Step 2: Get Familiar
In order to really understand a book or section of Scripture, your small group needs to get comfortable with it. The best way to do that is to read it multiple times. Have you ever noticed new aspects of a movie when you watch it the second, third, or fourth time? The same is true for reading scripture.
It's best if you can read the text you're studying 10 or more times. Ideally, each member of your small group can complete this task before you meet for the discussion. However, one or two read-throughs might be helpful. Keep these things in mind while reading:
- What stands out?
- Do you notice any reoccurring words or themes?
- Focus on a different character or aspect with every read.
For Philemon this isn't too difficult—it's only one page.
Step 3: Note the Nuances
English versions of Scripture were translated from the original languages (Hebrew, Greek, and Aramaic). If you ever took another language in high school, you'll know that there isn't always an easy English equivalent to every foreign word. Because of this, there can be slight word variation between the many English versions of the Bible.
Some translations seek to use words that are as equivalent as possible to the original (like the ESV, NASB, or LEB) and others seek to use words that carry the essence of the original intent (like the NIV or NLT). By reading a book or section of Scripture in various translations (many of which you can find at BibleGateway.com), you can pick up on the small differences and nuances between them. This will give your small group a more complete understanding of what the original language depicted. It will allow them to see some of the translational differences without having to know ancient Greek, Hebrew, or Aramaic.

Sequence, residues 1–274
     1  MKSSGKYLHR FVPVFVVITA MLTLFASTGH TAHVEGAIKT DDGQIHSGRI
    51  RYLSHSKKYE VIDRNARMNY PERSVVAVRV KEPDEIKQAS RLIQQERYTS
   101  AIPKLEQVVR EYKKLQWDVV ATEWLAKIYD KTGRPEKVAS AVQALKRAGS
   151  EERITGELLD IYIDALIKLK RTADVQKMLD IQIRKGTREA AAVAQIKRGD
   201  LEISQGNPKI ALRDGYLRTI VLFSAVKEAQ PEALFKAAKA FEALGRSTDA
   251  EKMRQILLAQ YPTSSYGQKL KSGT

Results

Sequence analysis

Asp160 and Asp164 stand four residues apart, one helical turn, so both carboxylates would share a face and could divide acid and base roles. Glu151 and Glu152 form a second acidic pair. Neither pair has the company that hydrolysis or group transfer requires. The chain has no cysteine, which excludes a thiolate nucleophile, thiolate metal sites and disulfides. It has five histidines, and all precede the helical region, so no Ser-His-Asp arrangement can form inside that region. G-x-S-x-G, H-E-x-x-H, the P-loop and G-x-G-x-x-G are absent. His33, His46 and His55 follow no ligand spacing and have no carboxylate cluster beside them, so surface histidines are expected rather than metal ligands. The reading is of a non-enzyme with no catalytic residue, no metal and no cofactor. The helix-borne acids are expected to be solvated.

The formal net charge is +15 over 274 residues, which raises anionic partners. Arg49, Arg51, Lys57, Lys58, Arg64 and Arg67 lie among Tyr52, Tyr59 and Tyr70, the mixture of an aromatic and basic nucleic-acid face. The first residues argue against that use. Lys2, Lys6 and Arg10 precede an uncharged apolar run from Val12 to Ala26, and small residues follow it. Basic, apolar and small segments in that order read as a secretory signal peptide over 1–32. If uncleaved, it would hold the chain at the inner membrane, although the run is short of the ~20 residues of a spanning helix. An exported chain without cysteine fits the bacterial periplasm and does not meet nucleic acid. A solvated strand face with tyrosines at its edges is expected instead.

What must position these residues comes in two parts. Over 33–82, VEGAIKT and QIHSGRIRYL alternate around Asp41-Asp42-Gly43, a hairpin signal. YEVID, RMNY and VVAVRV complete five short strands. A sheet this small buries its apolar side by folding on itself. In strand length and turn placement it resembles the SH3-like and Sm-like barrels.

- Are there any major differences between translations?
- Do any of the variations drastically change the meaning?
- Does one version clear up something that was confusing in another?
In verse 19 of Philemon, the difference between the New Living Translation (NLT) and the Lexham English Bible (LEB) is worth noting. The LEB states: "Lest I mention to you that you owe me even your very self besides." The NLT, on the other hand, states: "And I won't mention that you owe me your very soul!" The difference of "self" and "soul" can be profound.
This distinction helps us recognize a difference between a possibly literal translation of the Greek word and a more interpretive explanation of what that word may have been suggesting. "Soul" evokes the idea that Paul may have been the one that helped Philemon come to faith in Christ. "Self" could mean the same thing, but "soul" evokes it in a more obvious way. Differences like this are crucial in helping us see the bigger picture.
Step 4: Establish the Characters
1. Identify the author. Establishing authorship is a crucial piece of the puzzle. The more your small group knows about the writer, the more they can understand the author's intent.
The author is typically established in the first few verses of a book.
- Search the outlying verses if you're studying a section of Scripture in the middle of a book.
Discover how the author is communicating.
- Are they writing a letter? Are they recounting events?
- How does this affect what you know about them?
Search for anything distinctive about the author:
- Do they mention where they are?
- Do they talk about their past?
- Can you gather anything about their personality?